Why Your Thyroid Hormone Levels May Be Fluctuating

If you have thyroid disease, you may experience some fluctuations in your thyroid hormone levels from time to time. These fluctuations can occur as your thyroid disease progresses.

But other factors, such as hormonal changes and medication variations, or significant weight gain or loss, can alter your thyroid hormone levels as well; in some cases progression of a thyroid condition (such as a nodule) may be responsible. These hormonal fluctuations can produce a variety of symptoms.

This article explains what things might contribute to thyroid hormone fluctuations and what you can do about it.

why thyroid levels fluctuate

Verywell / Brianna Gilmartin

Thyroid Disease Progression

Thyroid disease can remain stable or worsen as the years go on. These changes may occur for a couple of reasons:


How the Thyroid Gland Works

Hashimoto's Thyroiditis

Hashimoto's thyroiditis often progresses over the first 10 years. After you receive a diagnosis and treatment plan, thyroid antibodies may continue to attack the thyroid gland. These attacks make your thyroid less able to produce thyroid hormone on its own.

Therefore, if you maintain the same treatment dose, your thyroxine (T4) and triiodothyronine (T3) thyroid hormone levels can drop. These hormonal drops cause your thyroid-stimulating hormone (TSH) to rise in response.

Overall, you might feel the symptoms of hypothyroidism, which include:

  • Fatigue
  • Weight gain
  • Depression

Graves' Disease

Graves' disease can also progress, especially in the first few years after diagnosis. In many instances, even when your treatment is at the correct dose, you may notice the following effects of disease progression:

  • Rise in T3 and T4 levels
  • Falling TSH levels
  • Symptoms of hyperthyroidism, such as the inability to concentrate, insomnia, and weight loss

With Graves' disease, the opposite can happen, too. In some cases, after months or years of taking antithyroid medications, your condition can go into remission. However, when that happens, your T3 and T4 levels may decrease (while your TSH rises). In this situation, you can also develop symptoms of hypothyroidism.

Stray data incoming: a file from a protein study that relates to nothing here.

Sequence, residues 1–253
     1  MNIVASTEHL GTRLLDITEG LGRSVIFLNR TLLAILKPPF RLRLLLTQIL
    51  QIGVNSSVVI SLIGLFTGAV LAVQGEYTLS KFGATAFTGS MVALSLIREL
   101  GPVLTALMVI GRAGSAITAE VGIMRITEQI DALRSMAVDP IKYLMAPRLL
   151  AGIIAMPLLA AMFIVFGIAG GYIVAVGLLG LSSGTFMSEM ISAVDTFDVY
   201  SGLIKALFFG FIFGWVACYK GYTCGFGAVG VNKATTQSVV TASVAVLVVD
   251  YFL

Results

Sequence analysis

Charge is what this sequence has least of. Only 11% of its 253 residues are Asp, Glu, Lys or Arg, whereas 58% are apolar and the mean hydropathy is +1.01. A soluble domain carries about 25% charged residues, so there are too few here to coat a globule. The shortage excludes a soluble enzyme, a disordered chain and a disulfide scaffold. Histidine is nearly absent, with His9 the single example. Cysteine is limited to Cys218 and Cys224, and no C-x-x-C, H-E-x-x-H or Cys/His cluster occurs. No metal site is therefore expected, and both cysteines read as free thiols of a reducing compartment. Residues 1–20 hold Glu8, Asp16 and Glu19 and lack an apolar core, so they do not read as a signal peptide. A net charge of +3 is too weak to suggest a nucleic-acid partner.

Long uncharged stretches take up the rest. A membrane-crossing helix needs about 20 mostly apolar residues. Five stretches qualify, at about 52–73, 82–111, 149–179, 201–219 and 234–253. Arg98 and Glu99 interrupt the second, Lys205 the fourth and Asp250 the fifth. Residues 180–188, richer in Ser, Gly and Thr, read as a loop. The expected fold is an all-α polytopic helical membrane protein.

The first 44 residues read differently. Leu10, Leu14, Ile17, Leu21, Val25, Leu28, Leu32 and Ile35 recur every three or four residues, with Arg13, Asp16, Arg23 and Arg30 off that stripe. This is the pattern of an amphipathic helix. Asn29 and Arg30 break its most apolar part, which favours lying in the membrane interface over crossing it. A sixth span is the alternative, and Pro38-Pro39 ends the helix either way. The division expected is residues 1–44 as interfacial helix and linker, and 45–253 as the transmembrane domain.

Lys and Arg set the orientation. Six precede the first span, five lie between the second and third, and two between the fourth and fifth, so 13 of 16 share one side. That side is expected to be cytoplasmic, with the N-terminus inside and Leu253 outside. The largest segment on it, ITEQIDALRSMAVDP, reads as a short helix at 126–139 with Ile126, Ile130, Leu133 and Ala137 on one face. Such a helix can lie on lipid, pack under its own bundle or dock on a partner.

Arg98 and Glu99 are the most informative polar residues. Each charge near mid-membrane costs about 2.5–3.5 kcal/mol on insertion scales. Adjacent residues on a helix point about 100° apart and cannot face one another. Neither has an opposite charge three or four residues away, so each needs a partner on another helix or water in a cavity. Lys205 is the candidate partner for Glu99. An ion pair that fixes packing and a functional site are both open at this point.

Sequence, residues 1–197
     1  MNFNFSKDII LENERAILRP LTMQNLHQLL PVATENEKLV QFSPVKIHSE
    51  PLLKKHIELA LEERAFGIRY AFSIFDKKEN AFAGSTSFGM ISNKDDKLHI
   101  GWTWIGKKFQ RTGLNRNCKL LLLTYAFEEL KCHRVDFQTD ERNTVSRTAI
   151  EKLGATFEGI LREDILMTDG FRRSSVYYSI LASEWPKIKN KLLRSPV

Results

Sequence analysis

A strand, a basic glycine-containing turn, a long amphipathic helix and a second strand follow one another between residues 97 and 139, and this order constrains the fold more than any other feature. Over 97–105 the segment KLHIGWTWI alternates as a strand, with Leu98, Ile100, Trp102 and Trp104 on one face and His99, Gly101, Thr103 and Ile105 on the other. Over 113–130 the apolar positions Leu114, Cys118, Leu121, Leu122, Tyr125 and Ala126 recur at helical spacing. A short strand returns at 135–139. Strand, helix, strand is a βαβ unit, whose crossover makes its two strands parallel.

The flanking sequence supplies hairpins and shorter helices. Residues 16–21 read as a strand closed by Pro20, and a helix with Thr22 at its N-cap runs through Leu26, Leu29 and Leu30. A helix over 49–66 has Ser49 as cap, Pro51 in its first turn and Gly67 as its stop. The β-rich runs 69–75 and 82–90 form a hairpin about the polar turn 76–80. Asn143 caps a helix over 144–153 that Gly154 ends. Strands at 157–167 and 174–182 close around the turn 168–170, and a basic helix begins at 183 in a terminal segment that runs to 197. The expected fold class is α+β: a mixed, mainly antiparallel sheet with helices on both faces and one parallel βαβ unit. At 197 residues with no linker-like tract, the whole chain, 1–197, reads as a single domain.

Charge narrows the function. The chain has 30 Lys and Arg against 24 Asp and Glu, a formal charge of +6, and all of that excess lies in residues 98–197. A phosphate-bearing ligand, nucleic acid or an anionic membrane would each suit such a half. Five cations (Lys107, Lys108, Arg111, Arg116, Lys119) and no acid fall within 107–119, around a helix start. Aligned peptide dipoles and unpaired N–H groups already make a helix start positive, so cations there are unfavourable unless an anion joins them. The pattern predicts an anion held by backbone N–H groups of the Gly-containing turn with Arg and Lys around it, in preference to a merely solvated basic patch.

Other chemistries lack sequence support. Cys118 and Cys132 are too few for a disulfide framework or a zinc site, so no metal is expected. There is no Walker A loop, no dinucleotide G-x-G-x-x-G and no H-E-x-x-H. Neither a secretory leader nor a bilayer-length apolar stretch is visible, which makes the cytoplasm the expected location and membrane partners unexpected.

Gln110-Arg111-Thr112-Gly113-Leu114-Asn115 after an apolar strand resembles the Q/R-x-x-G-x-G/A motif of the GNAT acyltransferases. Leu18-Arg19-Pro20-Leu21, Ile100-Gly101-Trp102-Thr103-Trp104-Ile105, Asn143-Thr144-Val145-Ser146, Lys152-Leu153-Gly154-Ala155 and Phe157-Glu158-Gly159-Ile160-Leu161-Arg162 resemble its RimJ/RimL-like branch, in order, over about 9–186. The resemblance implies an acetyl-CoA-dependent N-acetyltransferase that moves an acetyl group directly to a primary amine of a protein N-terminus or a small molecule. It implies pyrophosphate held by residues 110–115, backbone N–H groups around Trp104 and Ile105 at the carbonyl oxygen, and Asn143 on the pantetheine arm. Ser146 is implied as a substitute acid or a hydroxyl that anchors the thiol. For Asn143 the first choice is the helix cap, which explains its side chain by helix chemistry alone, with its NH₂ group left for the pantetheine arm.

Thyroiditis After Pregnancy

Some people develop thyroiditis after pregnancy. Usually, this is characterized by low thyroid hormone levels and high or low TSH. But high thyroid hormone levels with low or high TSH can develop as well.

Usually, postpartum thyroiditis will resolve itself. Often, over time, the thyroid hormones and TSH eventually return to normal.

However, during the period of thyroiditis, your doctor may prescribe thyroid hormone replacement or antithyroid medications. Often, people can decrease or discontinue these medications if and when the condition improves.


Pregnancy can affect thyroid hormones in many ways. However, the changes in these levels are more extreme if you already have a thyroid condition before becoming pregnant.

  • Without pre-pregnancy thyroid disease: T3 and T4 tend to increase while TSH decreases during pregnancy. These fluctuations happen because human chorionic gonadotropin (HCG), a hormone produced during pregnancy, stimulates the production of T3 and T4.
  • Hyperthyroid before pregnancy: In this case, the effect of HCG can increase your T4 and T3 and decrease your TSH even more than usual during your pregnancy.
  • Hypothyroid before pregnancy: The demand for thyroid hormone for fetal development increases in pregnancy. This increased demand may result in the need for your doctor to adjust the dose of medication.


Disease progression can impact thyroid hormone levels. How your hormones respond over time depends on which type of thyroid disease you have.

Medication Potency Differences

Sometimes when you are taking thyroid medication, your thyroid hormone blood levels may change. For example, this might happen if you've gotten a refill of your thyroid hormone replacement medication or used a different pharmacy.

Within the Food and Drug Administration (FDA) guidelines, thyroid hormone replacement medications can vary in their potency.

The federal guidelines say that levothyroxine drugs must be within 95% to 105% of the stated potency. That means a 100-mcg pill can be considered potent even though it delivers anywhere from 95 mcg to 105 mcg of the active ingredient.

Brands and Manufacturers

Potency tends to be reasonably stable within a particular brand name or generic manufacturer. However, medications can vary from one manufacturer to another. So, if you tend to switch brands or manufacturers, you might notice some swings in your levels.

Depending on your condition, these potency variations can cause mild increases or decreases in your T4, T3, or TSH. They can also contribute to related symptoms of hypothyroidism or hyperthyroidism.

Medication Errors

Also, keep in mind that prescription errors can occur. So one crucial tip is always to double-check your medication. Look at the label and the actual pills, and make sure you're getting the drug and the dosage your doctor prescribed.


Potencies can vary from different brands and manufacturers. If you are on generic medication, work with your pharmacist to ensure that you always get medicines from the same generic manufacturer. Alternately, you could consider switching to a brand name to avoid this issue.

Thyroid Disease Doctor Discussion Guide

Get our printable guide for your next doctor's appointment to help you ask the right questions.